COVID-19 has provided the disruption needed to change thinking around Australian manufacturing, Federal Minister for Industry, Science and Technology Karen Andrews said in her National Press Club address (20 May).
Andrews said the disruption to global supply chains has been a wake-up call for many businesses, with norms disrupted and a shift in priorities and consumer sentiment.
Many businesses faced massive supply chain disruptions because they were dependent on product from overseas, whether it was finished goods, raw materials or supply inputs. It meant there had been a “significant” wake-up call to diversify supply chains.
“They now understand that they need to diversify their supply chains. They need to look at what they can procure locally. Not only did they have difficulty sourcing product, but they had extreme increases in the price of freight and difficulties getting that product here to Australia. That has led to a significant rethink by many businesses.
“Many businesses have already said to me that they are looking at how they can source products in Australia, how they can look at shoring up supply chains, how they can look at diversifying their supply chains. There has been a significant difference, and we can look forward to some significant changes in Australia's manufacturing sector,” she said.
The pandemic has honed what needs to happen now, that by building an even stronger local manufacturing sector means securing our economic sovereignty.
For Andrews, Australian manufacturers have displayed incredible ingenuity, resilience and collaboration in meeting the difficult challenges of responding to COVID-19, citing the work done by Foodmach and Detmold in pivoting to manufacturing personal protective equipment proving their work as “vital”. She also mentioned food and packaging manufacturers who had ramped up production to meet demand.
“Perhaps their willingness to adapt and change is a reflection of the fact that manufacturing has faced its own existential challenges over many decades.
“They’ve had to pivot so many times to meet the needs of a rapidly changing Australia.
“While the decline of the car industry has attracted media headlines, the fact is that many other sectors have been succeeding and growing in recent years.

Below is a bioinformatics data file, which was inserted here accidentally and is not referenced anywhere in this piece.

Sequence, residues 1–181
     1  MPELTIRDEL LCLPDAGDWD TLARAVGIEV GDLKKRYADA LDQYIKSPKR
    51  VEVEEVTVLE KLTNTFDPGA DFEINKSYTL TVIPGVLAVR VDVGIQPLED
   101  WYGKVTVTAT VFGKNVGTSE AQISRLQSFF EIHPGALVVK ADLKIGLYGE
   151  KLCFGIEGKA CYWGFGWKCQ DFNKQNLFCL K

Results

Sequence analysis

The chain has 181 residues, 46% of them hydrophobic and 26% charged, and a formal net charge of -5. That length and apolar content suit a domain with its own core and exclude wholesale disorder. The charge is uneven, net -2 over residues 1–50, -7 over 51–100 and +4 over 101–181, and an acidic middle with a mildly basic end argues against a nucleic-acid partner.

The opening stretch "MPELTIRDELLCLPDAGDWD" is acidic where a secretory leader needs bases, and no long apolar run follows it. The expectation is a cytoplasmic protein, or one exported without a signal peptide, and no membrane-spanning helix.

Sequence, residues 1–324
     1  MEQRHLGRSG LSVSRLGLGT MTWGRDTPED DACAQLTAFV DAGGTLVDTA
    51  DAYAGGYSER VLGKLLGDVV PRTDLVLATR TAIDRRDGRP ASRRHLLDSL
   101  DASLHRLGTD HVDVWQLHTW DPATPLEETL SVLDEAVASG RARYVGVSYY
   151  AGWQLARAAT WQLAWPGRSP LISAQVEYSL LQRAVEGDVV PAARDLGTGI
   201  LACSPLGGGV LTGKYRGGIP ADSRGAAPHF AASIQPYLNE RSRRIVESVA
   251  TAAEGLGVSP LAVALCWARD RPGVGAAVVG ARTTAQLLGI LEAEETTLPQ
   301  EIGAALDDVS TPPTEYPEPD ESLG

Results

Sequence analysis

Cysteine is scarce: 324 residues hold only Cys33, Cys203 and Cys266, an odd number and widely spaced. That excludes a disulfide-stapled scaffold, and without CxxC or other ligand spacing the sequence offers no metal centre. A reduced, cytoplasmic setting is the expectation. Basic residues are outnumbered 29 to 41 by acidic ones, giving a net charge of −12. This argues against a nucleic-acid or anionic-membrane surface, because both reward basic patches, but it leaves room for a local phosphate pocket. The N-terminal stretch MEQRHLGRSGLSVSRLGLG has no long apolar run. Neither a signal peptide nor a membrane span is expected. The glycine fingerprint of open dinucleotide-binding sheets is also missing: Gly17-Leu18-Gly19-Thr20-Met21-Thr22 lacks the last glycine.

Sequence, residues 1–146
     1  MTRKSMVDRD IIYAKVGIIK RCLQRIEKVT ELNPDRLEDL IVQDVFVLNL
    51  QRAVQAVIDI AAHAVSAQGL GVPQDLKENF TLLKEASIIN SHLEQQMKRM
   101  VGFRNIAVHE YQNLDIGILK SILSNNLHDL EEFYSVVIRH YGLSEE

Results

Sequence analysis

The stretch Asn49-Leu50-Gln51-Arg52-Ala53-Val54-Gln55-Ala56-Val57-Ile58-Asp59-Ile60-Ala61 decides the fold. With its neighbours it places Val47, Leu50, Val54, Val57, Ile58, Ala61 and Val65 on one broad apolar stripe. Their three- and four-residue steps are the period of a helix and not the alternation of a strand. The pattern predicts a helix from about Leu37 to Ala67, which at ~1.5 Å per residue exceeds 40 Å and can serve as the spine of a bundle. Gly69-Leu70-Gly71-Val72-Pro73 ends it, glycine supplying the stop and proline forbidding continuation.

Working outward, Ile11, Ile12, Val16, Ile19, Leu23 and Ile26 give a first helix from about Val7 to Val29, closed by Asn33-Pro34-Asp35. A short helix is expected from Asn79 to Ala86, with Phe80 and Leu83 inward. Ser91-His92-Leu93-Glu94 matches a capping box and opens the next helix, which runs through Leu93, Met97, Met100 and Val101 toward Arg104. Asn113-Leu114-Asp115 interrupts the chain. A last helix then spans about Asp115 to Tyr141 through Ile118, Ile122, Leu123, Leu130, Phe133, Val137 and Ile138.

“For example, food and beverage manufacturing has had 11 quarters of consecutive growth. We are very good and well-regarded food producers. About twenty-five per cent of our manufacturing is food based so we have enormous opportunities to value-add along the way with our food. Many of our nearest neighbours, in particular, are very interested in not only our meat, processed meat products, but also what we can do with our cropping to produce processed goods. Food creates a real opportunity for us to continue.
“I refused to accept the advice that Australian manufacturers would only be able to fill small gaps in supply. Capability exists in this country. What was needed was a change in the culture of how we think about our capability, about how we challenge the status quo.
“Frankly, what we needed was disruption. Because, when they were called on, our manufacturers stepped up to deliver.”
Andrews said the building blocks for the sector were “complex and deceptively simple”:
- Cheaper gas and electricity;
- A highly skilled workforce;
- Better alignment of Government services and reduced red tape;
- Greater collaboration between research and industry;
- Support for more good ideas to be commercialised;
- Improved access to export markets, especially for small and medium enterprises;
- And underpinning it all - lower taxes and a stronger economy.
“This is not about re-creating the past, or re-living a golden era. It’s a newer, richer and more highly developed industry that we’re cultivating,” she said.